By: Natalie Nagy
After the projected health and vibrancy of multifamily housing in the first quarter of 2022, all eyes were on the second quarter’s sales pricing to see if it would reflect the same trends. Kidder Mathews has recently released its report on the Puget Sound multifamily market, showing that the region’s fundamentals remain strong.
According to the second quarter of 2022 Apartment Market Dynamics report, this resilience is seen throughout the rising rental rates, sustained low vacancy rates and strong investor demand, across four Washington counties: King, Pierce, Snohomish and Kitsap.
According to Dylan Simon, executive vice president at Kidder Mathews, the start of 2022 was defined by a push and pull on both sides of the market’s fundamentals.
“Low unemployment, yet not enough skilled workers; rising rental rates and housing unaffordability met with stabilizing occupancy; low treasury rates hitting a wall of rate hikes,” said Simon. “Nevertheless, the Puget Sound soldiered on, demonstrating economic resilience through the tumult.”
In urban King county, the market trend showed that rental rates grew by 1.7 percent. Along with that, the quarter-over-quarter vacancy in Seattle increased by six percent from 0.2 to 6.2 percent.
However, Simon is not concerned about this matter.
“With the turbulence of who is going back to work and when, we expect another 12 months of vacancy around six percent as the market absorbs the supply of new apartments and offices alike,” the report states.
In the past year, rent has also increased in North King County by more than 10 percent. Although the vacancy is slightly higher, Kidder Mathews suggests this is to be expected with rent growth. Cap rates also continued to rise as interest rates increased.
Where East King County continues to lead with the highest average rent across the region, South King County continues to hold one of the strongest overall occupancy rates in the Puget Sound. And although there was a rent increase of 13 percent this past year, South King County has not had a negative average rent drop since the Great Recession.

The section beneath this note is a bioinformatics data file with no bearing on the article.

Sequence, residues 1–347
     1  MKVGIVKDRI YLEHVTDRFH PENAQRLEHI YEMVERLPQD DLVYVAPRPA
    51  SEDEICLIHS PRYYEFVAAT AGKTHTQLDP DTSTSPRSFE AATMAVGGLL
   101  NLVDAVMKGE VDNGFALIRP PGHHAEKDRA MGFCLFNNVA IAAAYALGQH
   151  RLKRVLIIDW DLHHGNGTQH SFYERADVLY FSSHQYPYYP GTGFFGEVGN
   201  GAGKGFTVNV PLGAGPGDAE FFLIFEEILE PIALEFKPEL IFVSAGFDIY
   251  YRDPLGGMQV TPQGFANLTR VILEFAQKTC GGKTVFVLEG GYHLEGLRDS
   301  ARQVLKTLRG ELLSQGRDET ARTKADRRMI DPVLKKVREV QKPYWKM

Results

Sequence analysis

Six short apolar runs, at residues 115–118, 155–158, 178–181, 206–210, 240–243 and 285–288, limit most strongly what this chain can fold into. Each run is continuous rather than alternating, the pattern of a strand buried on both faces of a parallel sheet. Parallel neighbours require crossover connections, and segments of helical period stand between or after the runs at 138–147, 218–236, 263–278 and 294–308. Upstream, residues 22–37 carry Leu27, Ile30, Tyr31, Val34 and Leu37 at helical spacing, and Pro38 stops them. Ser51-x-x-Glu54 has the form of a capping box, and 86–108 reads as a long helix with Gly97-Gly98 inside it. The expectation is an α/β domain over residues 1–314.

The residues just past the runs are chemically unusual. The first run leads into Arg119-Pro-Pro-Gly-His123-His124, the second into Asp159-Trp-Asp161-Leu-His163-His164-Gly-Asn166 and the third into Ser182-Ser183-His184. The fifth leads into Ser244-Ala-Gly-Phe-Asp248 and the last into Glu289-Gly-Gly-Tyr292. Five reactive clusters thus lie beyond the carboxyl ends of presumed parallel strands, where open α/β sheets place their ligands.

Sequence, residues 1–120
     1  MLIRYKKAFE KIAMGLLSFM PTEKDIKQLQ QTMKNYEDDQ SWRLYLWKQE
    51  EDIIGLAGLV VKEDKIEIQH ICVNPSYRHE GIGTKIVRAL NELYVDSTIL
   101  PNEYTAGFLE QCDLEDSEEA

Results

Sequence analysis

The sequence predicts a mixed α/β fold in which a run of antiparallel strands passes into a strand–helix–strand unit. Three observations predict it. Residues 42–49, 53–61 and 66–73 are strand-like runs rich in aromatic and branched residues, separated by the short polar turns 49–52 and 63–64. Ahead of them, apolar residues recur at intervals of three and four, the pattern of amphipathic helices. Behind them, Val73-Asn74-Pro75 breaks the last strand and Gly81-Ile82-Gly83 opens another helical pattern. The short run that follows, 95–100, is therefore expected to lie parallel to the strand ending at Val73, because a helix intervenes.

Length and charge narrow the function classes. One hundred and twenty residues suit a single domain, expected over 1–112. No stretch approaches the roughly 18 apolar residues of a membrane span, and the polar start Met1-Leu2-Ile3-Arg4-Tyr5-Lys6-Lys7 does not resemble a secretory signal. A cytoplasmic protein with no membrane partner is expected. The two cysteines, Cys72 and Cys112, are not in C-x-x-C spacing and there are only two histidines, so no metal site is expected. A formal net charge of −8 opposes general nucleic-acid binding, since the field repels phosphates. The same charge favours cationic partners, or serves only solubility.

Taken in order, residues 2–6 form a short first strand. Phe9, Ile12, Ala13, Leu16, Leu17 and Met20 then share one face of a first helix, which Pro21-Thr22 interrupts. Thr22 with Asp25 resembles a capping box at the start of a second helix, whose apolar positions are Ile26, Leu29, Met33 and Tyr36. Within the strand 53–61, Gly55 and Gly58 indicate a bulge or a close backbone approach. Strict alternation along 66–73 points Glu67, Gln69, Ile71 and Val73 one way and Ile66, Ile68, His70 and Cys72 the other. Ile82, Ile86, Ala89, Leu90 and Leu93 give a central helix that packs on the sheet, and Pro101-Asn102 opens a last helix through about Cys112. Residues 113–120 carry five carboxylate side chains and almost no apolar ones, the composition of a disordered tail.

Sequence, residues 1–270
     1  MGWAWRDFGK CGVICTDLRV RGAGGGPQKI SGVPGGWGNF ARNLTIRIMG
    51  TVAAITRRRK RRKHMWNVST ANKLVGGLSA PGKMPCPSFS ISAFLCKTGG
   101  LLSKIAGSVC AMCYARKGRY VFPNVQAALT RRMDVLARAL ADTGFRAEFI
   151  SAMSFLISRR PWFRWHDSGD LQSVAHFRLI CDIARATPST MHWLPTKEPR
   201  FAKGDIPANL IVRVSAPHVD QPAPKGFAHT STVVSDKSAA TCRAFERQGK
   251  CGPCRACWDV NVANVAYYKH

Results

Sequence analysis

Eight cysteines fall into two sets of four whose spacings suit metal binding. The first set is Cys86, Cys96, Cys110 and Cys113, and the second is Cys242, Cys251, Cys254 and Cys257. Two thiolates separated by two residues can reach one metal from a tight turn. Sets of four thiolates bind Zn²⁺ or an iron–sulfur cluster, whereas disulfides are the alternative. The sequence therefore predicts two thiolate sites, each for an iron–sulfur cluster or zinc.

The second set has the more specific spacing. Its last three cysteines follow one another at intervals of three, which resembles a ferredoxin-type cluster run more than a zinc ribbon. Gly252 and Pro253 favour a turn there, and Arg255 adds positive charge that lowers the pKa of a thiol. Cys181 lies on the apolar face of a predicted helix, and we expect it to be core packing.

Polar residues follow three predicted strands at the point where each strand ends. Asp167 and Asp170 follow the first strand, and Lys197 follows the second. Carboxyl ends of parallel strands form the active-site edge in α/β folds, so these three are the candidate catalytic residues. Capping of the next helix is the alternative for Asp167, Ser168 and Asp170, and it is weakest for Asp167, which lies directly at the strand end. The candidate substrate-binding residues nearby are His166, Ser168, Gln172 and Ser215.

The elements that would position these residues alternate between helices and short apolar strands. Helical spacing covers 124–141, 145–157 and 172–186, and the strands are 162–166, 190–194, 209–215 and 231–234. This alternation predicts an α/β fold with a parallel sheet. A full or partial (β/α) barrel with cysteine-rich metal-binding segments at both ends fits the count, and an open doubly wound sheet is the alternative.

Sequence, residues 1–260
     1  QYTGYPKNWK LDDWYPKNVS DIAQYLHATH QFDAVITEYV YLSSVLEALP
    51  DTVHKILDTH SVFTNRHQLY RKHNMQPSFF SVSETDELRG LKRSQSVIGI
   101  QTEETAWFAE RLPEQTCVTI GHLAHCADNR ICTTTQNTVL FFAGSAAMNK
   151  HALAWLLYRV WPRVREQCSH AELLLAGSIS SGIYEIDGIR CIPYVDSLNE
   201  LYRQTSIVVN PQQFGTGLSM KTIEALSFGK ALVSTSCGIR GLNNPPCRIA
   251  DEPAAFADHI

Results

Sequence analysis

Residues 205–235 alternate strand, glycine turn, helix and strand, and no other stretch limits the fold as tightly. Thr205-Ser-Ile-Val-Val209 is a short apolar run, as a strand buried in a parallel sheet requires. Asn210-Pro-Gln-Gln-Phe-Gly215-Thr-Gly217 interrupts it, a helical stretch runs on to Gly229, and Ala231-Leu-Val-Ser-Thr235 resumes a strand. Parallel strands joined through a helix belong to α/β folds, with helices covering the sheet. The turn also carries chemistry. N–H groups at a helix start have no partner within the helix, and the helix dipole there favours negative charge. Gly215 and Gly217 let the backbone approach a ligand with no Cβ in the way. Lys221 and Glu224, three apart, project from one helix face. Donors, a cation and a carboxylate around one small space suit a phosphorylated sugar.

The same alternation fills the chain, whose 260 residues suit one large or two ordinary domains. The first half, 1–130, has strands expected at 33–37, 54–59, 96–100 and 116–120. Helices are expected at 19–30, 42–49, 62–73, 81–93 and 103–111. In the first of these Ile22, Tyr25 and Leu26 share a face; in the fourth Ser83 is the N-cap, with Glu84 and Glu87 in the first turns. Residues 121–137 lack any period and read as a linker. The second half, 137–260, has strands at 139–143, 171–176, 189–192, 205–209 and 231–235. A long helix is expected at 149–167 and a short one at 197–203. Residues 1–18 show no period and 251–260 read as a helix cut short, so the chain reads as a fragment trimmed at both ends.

South King County recorded an average cap rate below four percent for the first time. Overall, building sales will be down in 2022 according to the report, but there is a prediction that the total sales volume will pick up.
“Even if we’re in a ‘rental bubble’ right now, the drivers for South King County are too strong,” the report states. “Along with the amount of momentum in the area, we’re confident that this trend will continue.”
An aggressive market is also present in Snohomish County where investors are willing to pay. Rents continue to increase, up four percent in the last 90 days. Vacancy is at a healthy 4.9 percent, and cap rates are trending downward by almost two percent in the last two years.
“Snohomish owners have seen their properties increase substantially in value in the last several years and this is in direct relation to where cap rates are,” the report states.
Urban Tacoma, on the other hand, has continued to see a rise in vacancy as tenants and workers search for more affordable housing options in suburban Pierce County.
At the end of last year, rents reached a high at $1,500 for the first time in Pierce County. According to the report, as the trend continues in the “right direction,” tenants are getting up to a 30 percent discount compared to Urban King County and more than a 35 percent discount compared to East King County.
“We’re starting to see nicer renovations and finishes in certain markets that never had enough demand for those units. Consequently, this new demand is providing more upside for deals, as well as making the South Tacoma market more attractive for investors chasing yield outside of King county,” Kidder Mathews states in the report.
The overall confidence in suburban Pierce County continues to remain strong, according to the report. From a 4.4 percent cap rate in 2021 to a 3.4 percent cap rate in the first quarter of 2022, buyers are taking risks for South Tacoma.
Furthermore, Kitsap County has continued the trend of being desirable to renters, apartment investors and developers, with the renter pool mainly comprising military members.
Although investor appetite is not a predictor for the months to come, Kidder Mathews is expecting a strong market in the future.
“The Puget Sound’s economic fundamentals remain the strongest in the nation and the solid rental rate growth and stable occupancy levels throughout the last quarter demonstrate health in the region’s rental market. As such, we expect pricing to stabilize and remain strong as investors continue to seek a seat at the table in this market,” the report states.